should be made public including a written narrative of how wealth above Kshs 50 million

was acquired. It also calls for making Kenya a 100% e-services nation by digitising all

Government services, processes, payment systems, and record keeping. These services must

be secured from criminal tampering.

The Taskforce calls for more resignations to show that

leaders in executive positions should take responsibility for disasters on their watch by

resigning. The Taskforce has also recommended that strong reforms need to be undertaken

to increase public confidence in the Judiciary, which at the moment is relatively low. The

Taskforce understands that core constitutional principles in Kenya are the separation of

powers, between arms of Government, and accountability to the people of Kenya. This

means that in undertaking reforms, the independence of the Judiciary must be protected as

a fundamental principle, while the Judiciary should be accountable in a clear manner to the

sovereign people of Kenya.

Devolution:

Devolution has largely been a success. However, devolution is still frustrated by

serious challenges that if unaddressed, will raise questions about its political and economic

sustainability. Kenyans overwhelmingly told the Taskforce that they wanted their Counties

to remain as they are but with services further decentralised to the ward level; and that each

ward should benefit by receiving at least 30% of the development fund in each five-year

term.

 Kenyans want far better service delivery and for development projects to receive

enough oversight to prevent wastage and corruption. Kenyans told the Taskforce that they

lament the devolution of corruption and impunity to the County Governments and called for

strong anti-corruption measures to be taken. The same calls for inclusion that were made by

Kenyans regarding the National Government were made for the Counties. The ‘winner-take-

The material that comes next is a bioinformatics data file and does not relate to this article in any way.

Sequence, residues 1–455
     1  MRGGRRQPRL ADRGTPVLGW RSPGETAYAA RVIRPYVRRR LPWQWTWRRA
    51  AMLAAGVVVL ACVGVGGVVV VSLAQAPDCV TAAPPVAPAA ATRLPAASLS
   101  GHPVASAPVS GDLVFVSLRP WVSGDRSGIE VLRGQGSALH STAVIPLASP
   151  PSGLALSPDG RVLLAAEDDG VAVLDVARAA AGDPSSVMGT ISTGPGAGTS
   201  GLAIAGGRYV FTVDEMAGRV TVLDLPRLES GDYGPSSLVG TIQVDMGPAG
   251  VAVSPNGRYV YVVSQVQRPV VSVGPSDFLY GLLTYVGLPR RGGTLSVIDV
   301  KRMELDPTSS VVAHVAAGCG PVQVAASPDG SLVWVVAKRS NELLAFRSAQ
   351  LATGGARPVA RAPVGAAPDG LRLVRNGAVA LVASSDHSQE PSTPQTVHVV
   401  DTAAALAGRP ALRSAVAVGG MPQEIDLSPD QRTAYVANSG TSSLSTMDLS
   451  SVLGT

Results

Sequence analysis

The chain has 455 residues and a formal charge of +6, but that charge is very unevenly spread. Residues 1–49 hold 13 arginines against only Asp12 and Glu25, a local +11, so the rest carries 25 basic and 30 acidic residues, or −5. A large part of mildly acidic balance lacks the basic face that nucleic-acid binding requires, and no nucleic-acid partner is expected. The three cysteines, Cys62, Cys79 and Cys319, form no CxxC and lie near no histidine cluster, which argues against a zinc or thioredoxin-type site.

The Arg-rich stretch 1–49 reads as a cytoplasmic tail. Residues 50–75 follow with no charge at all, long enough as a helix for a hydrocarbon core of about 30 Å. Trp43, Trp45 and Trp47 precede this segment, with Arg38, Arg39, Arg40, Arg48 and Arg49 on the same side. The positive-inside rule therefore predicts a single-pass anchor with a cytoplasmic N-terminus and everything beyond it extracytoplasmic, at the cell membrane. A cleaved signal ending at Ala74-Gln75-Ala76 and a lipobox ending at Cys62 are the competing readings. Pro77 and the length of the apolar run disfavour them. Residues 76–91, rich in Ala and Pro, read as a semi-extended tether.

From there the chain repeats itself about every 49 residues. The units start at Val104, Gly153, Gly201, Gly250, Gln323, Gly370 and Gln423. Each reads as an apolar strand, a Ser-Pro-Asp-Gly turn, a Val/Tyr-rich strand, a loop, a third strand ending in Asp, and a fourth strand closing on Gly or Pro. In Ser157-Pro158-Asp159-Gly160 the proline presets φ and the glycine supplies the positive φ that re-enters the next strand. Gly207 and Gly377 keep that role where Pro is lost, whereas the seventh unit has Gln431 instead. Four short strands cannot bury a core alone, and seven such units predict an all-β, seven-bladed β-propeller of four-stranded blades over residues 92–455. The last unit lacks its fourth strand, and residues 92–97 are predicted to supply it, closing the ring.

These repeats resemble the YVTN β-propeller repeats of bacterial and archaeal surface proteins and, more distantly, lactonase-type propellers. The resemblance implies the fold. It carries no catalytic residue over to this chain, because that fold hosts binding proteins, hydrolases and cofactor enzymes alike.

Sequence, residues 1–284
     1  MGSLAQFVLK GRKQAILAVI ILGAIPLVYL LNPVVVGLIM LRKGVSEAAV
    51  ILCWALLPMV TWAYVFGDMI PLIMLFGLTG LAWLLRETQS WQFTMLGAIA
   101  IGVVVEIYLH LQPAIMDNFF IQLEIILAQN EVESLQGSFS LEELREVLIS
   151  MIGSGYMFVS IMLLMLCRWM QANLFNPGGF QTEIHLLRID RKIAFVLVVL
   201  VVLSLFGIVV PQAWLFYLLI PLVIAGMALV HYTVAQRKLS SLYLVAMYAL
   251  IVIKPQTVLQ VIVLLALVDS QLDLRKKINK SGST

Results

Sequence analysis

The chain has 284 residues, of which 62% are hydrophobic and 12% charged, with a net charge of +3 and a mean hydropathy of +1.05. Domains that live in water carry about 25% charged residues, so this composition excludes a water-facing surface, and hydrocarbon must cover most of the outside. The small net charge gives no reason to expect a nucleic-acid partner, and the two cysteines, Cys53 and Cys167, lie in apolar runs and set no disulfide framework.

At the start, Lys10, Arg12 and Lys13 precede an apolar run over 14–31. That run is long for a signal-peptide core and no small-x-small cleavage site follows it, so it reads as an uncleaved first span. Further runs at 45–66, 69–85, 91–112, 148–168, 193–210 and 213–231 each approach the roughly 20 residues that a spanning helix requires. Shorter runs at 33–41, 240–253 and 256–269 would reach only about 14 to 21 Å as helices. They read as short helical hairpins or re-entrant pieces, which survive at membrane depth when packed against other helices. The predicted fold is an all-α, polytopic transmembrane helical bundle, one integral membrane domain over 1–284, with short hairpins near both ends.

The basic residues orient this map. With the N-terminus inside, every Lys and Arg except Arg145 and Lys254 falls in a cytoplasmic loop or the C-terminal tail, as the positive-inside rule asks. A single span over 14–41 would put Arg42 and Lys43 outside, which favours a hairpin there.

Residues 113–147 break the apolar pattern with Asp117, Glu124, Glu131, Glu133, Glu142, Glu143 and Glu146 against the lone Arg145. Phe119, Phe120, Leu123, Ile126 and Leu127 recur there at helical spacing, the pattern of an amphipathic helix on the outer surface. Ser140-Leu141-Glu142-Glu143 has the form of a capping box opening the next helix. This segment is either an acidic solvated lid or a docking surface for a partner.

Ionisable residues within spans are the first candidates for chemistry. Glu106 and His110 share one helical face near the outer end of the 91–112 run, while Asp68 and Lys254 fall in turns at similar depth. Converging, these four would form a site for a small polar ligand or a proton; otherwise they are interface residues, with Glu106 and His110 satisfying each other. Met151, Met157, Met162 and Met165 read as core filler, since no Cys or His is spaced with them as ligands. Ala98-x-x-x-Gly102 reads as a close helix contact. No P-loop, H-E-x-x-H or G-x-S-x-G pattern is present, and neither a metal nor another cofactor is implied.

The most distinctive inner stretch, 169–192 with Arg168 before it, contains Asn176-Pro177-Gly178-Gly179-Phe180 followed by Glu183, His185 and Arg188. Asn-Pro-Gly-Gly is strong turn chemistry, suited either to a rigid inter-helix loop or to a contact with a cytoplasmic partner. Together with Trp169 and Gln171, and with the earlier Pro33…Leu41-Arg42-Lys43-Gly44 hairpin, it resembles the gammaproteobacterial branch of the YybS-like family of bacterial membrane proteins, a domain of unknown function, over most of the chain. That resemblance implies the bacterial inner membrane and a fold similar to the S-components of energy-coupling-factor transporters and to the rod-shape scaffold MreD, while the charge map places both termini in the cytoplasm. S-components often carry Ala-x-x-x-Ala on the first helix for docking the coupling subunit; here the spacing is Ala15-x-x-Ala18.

Building Bridges to a United Kenya: from a naion of blood ies to a naion or ideals 15

all’ phenomenon in Counties, following elections, is said by many Kenyans to lead to

discrimination, inequality, and inequity in resource distribution.

The Taskforce calls for the retention of the 47 Counties and for support to the voluntary

process of Counties forming regional economic blocs. Depending on further consultation

with Kenyans, consider that while Kenyans are strong supporters of devolution and their

counties, they also want better value for money and more money to be used for

development as opposed to high recurrent and administrative costs. Perhaps there is a way

that the 47 Counties can be maintained as the focus of development implementation and

the provision of services, while representation and legislation are undertaken in larger

regional blocs.

 It recommends increasing the resources to the Counties by at least 35% of

the last audited accounts and ensuring that the focus is on service delivery in the settled and

serviced areas, including for people living near the furthest boundaries.

Public resources should follow people not land mass. Meaning that services provided by the

Counties must be as equal as possible by population, and there should be investment in

critical areas such as health, agriculture, and the urban areas, while taking account of past